‘Super Mario Maker’ And the User-Generated Content Playground | Inverse

‘Super Mario Maker’ And the User-Generated Content Playground | Inverse

By far the greatest gift the internet has given our species is collaboration. Sharing work over thousands of miles away has made our big world just a wee bit smaller and intimate.

Video games have evolved with sandbox creation tools faster than any other form of entertainment. Players were modding Doom way before YouTube and Joseph Gordon-Levitt’s collaborative filmmaking platform hitRECord. But Super Mario Maker, which comes as a ready-to-tinker toolbox, seems exactly what we have been getting to all along.

It began with modding PC games in the early ‘90s, a hobby equal to automotive geeks tricking out their cars but way dorkier, and continues to thrive today. Entirely new games like Team Fortress were crafted from ripping apart Quake — like making Eve out of Adam’s rib (that shit’s sexist, btw). In recent years, dozens of games have included robust creation spaces within the games themselves.

Braid (video game) – Wikipedia, the free encyclopedia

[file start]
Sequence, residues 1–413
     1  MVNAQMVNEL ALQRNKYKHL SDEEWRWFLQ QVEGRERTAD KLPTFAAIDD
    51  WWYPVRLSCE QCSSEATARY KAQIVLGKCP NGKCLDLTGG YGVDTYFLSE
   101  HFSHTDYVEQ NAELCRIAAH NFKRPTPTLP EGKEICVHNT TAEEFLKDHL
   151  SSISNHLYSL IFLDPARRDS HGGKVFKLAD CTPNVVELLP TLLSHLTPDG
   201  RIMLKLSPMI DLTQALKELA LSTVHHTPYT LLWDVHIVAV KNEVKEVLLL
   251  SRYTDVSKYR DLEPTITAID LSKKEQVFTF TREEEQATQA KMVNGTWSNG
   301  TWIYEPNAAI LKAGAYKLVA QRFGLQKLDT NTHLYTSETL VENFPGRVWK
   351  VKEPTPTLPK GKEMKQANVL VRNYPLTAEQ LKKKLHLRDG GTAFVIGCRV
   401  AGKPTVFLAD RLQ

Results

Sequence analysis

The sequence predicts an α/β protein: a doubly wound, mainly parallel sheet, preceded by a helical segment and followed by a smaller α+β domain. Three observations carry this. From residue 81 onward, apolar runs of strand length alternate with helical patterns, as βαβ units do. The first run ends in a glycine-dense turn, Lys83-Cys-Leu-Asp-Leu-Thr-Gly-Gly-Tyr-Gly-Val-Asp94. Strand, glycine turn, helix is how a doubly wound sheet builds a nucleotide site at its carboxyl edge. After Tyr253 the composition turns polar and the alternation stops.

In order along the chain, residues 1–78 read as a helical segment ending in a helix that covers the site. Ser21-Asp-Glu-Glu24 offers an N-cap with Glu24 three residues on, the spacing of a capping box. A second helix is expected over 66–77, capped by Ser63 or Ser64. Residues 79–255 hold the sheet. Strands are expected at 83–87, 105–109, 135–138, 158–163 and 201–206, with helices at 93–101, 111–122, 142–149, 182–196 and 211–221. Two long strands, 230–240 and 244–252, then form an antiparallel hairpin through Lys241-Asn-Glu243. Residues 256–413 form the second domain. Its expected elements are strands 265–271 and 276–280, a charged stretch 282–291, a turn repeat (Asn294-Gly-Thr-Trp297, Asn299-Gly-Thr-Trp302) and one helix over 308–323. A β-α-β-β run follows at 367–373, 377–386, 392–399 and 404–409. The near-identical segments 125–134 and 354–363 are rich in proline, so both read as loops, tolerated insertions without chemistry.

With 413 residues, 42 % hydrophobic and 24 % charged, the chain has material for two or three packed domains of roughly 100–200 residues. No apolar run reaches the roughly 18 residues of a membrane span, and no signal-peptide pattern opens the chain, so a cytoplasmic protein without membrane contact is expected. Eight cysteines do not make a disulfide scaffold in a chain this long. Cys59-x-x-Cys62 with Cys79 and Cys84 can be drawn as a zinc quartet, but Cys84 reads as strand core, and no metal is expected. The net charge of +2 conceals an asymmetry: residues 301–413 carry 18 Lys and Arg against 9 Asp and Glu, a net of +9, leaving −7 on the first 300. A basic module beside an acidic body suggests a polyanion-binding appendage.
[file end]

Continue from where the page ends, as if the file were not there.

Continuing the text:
Braid is played by solving physical puzzles in a standard platform game environment.

The player controls the protagonist Tim as he runs, jumps, and climbs across the game’s levels. Tim jumps and stomps on enemies to defeat them, and can collect keys to unlock doors or operate levers to trigger platforms.

A defining game element is the player’s unlimited ability to reverse time and “rewind” actions, even after dying. The game is divided into six worlds, which are experienced sequentially and can be entered from different rooms of Tim’s house; the player can return to any world previously visited to attempt to solve puzzles they missed.

Each world has its own time-based game mechanic.

via Braid (video game) – Wikipedia, the free encyclopedia.